Intervention Model: Single Group Assignment
Masking: None (Open Label)
Primary Purpose: Treatment
Official Title: Effect of Increasing Doses of Cystine Binding Thiol Drugs on Cystine Capacity in Patients With Cystinuria
Study Start Date : June 2012
Actual Primary Completion Date : December 2017
Actual Study Completion Date : December 2017

Resource links provided by the National Library of Medicine

Arm Intervention/treatment
Experimental: Increasing doses of CBTD
Intervention: CBTD 0-3 gm
Drug: CBTD 0-3 gm
Oral CBTD 0-3 gm dose/day for 7 days, dose escalation
Other Name: Thiola or tiopronin; d-penicillamine

Primary Outcome Measures :
  1. Cystine capacity [ Time Frame: 4 weeks on assigned therapy ]
    We will test for a negative correlation between progressive increases in doses of thiol drugs and cystine capacity

Information from the National Library of Medicine

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Ages Eligible for Study:   18 Years to 80 Years   (Adult, Older Adult)
Sexes Eligible for Study:   All
Accepts Healthy Volunteers:   No

Inclusion Criteria:

  • Be a patient with a confirmed diagnosis of cystinuria.
  • Be already taking a CBTD (either D-penicillamine (Cuprimine®) or tiopronin (Thiola®) as part of your medication regimen.
  • Be between 18 and 80 years of age
  • Be enrolled in the Cystinuria Registry.

Exclusion Criteria:

  • You are not a patient with cystinuria
  • You are not already taking a cystine binding thiol drug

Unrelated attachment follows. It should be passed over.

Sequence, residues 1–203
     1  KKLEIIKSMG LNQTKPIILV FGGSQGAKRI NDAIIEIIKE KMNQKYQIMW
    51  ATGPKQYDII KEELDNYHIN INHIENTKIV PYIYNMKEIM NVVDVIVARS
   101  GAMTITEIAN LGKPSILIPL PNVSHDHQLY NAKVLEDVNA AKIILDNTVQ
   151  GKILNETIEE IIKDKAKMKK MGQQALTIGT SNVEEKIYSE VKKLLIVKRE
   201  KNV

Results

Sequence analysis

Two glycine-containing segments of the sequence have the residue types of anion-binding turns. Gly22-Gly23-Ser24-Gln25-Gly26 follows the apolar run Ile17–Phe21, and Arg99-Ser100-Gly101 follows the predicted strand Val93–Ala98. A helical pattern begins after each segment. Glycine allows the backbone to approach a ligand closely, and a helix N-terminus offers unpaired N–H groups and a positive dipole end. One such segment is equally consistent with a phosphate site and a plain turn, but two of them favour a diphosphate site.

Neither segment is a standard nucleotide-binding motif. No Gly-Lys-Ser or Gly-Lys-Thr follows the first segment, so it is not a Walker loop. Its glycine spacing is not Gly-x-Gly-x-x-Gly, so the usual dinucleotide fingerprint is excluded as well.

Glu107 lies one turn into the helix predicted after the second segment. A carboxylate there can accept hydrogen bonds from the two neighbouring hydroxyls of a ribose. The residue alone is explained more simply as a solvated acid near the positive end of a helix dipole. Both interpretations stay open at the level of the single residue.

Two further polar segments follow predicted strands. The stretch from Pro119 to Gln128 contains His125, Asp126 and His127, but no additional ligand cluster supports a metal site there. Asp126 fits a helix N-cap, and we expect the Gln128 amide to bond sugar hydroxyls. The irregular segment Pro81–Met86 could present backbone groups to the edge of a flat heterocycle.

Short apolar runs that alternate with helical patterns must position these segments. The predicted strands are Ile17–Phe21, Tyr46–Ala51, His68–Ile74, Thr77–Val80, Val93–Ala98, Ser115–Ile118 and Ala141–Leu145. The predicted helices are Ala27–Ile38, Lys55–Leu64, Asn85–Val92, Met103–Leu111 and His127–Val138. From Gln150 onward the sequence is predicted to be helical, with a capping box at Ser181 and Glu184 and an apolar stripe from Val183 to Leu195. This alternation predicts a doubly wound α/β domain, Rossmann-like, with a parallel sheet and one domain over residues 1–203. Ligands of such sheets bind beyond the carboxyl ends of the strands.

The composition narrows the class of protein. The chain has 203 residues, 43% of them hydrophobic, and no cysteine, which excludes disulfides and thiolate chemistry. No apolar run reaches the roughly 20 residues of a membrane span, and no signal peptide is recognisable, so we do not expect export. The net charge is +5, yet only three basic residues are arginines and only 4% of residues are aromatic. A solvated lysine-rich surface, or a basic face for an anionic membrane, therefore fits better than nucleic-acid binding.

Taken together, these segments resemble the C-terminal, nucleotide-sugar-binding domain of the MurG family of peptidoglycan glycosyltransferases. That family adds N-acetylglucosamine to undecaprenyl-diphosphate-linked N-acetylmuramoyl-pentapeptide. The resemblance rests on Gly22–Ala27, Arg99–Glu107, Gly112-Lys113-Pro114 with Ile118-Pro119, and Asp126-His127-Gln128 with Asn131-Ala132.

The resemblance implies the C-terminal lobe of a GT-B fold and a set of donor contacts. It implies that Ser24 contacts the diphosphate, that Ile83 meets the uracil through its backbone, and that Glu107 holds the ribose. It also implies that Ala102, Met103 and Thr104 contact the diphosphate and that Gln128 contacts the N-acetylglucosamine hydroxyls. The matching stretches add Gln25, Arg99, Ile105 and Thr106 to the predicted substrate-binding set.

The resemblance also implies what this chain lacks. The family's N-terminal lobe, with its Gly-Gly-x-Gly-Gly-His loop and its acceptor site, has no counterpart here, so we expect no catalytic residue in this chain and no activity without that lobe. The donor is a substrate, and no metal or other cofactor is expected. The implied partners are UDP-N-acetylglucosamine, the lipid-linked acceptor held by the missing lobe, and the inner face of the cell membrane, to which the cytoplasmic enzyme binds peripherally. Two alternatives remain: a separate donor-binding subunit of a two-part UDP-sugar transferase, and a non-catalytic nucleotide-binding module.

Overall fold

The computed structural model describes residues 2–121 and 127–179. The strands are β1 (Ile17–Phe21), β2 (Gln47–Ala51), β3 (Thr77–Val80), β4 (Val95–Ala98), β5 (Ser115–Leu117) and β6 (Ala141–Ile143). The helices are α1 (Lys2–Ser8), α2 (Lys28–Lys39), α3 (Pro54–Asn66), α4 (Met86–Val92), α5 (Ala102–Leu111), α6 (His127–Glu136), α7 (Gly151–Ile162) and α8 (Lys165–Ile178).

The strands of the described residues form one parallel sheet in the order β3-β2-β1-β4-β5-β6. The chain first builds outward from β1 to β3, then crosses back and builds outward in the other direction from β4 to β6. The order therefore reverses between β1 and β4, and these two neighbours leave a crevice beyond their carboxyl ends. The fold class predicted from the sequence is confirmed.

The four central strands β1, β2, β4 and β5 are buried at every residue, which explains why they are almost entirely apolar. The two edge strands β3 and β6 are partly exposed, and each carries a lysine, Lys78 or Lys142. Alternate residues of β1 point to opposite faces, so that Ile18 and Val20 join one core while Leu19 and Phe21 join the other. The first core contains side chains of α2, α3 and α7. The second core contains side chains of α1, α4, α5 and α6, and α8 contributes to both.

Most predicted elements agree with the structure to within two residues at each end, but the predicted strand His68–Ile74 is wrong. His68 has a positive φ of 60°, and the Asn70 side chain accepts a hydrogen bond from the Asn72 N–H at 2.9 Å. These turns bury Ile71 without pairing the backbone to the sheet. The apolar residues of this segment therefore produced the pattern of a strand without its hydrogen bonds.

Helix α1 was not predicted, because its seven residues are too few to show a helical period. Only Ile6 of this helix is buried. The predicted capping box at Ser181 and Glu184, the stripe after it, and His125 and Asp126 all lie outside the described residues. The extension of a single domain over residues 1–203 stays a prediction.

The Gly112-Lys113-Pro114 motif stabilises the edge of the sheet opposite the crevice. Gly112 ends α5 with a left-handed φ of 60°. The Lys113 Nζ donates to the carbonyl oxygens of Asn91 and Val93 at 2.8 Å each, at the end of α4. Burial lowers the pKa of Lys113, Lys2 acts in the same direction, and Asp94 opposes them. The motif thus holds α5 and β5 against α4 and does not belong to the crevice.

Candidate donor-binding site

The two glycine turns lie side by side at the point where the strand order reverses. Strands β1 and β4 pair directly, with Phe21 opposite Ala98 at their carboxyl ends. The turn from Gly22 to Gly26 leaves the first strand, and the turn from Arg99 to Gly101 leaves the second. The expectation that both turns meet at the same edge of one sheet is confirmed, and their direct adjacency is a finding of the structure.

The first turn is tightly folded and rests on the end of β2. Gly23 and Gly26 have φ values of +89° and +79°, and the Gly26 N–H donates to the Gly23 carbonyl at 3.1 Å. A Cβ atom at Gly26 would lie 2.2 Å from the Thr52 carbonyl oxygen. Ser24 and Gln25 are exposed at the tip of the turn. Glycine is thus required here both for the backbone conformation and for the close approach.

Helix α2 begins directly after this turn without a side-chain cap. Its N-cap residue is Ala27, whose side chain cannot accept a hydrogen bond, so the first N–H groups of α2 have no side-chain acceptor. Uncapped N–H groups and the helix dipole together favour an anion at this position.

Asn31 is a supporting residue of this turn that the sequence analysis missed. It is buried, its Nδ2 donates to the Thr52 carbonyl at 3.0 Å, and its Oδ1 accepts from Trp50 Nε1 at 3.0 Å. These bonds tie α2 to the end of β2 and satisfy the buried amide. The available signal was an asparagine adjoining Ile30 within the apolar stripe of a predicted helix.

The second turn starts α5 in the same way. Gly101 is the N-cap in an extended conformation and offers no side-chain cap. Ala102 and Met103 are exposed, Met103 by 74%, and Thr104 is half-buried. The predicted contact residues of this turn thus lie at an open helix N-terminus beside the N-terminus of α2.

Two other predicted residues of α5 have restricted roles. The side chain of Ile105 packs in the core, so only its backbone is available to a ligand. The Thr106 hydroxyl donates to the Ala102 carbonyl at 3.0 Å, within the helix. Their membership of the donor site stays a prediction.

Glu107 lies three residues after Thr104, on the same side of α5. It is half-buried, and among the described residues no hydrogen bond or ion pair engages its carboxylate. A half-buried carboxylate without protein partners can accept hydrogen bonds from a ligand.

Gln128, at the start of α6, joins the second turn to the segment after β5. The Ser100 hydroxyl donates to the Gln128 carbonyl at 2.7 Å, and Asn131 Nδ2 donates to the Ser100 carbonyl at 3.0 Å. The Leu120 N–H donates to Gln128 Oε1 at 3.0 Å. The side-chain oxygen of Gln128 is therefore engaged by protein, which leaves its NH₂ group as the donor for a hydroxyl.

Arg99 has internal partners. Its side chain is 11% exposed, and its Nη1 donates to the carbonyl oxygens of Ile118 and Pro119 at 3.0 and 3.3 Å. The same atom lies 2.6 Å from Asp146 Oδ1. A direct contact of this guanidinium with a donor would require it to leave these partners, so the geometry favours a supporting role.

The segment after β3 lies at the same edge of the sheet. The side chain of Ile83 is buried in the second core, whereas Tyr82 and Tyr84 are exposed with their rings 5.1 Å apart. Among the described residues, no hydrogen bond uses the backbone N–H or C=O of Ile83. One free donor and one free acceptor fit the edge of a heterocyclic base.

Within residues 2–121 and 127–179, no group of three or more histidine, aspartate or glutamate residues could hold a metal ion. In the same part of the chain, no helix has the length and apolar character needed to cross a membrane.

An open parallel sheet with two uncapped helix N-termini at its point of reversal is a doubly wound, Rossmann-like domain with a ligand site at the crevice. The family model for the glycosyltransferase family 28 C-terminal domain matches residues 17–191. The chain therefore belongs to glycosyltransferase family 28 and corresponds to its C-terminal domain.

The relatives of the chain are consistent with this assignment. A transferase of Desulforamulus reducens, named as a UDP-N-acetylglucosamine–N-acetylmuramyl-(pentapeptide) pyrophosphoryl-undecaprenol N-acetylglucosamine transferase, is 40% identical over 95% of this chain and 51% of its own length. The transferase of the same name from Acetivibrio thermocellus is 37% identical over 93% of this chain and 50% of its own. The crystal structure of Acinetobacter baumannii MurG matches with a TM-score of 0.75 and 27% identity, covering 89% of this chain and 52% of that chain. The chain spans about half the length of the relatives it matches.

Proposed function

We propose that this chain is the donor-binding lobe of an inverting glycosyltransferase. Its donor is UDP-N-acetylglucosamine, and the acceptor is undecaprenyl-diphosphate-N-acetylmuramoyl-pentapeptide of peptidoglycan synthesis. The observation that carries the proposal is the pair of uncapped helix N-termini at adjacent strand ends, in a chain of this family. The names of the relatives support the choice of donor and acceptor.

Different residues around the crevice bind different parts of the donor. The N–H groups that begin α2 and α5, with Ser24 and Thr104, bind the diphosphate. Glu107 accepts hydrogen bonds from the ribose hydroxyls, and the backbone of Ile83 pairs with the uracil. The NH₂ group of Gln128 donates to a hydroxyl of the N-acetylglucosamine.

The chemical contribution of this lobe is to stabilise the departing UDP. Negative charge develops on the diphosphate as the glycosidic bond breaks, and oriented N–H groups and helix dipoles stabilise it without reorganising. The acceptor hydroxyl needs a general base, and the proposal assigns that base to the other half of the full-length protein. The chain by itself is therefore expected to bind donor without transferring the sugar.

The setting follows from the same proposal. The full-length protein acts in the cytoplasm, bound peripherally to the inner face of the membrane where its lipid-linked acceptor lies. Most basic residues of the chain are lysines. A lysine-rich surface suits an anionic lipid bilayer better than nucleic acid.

• You have renal colic (if you are passing a stone)
  • You are scheduled to undergo a urologic procedure
  • You are unwilling or unable to provide informed consent in order to be able to participate.

Information from the National Library of Medicine

To learn more about this study, you or your doctor may contact the study research staff using the contact information provided by the sponsor.

Please refer to this study by its identifier (NCT number): NCT02125721

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United States, New York
NYU Langone Medical Center
New York, New York, United States, 10016
Sponsors and Collaborators
NYU Langone Health
National Institute of Diabetes and Digestive and Kidney Diseases (NIDDK)
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Principal Investigator: David S Goldfarb, MD NYU Langone Medical Center
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Responsible Party: NYU Langone Health Identifier: NCT02125721    
Other Study ID Numbers: 16-00108
1U54DK083908 ( U.S. NIH Grant/Contract )
First Posted: April 29, 2014    Key Record Dates
Last Update Posted: April 5, 2018
Last Verified: April 2018

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Studies a U.S. FDA-regulated Drug Product: Yes
Studies a U.S. FDA-regulated Device Product: No
Product Manufactured in and Exported from the U.S.: No
Keywords provided by NYU Langone Health:
D-penicillamine (Cuprimine®)
tiopronin (Thiola®)
Additional relevant MeSH terms:
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Renal Aminoacidurias
Renal Tubular Transport, Inborn Errors
Kidney Diseases
Urologic Diseases
Metabolism, Inborn Errors
Genetic Diseases, Inborn
Metabolic Diseases
Protective Agents
Physiological Effects of Drugs
Chelating Agents
Sequestering Agents
Molecular Mechanisms of Pharmacological Action
Antirheumatic Agents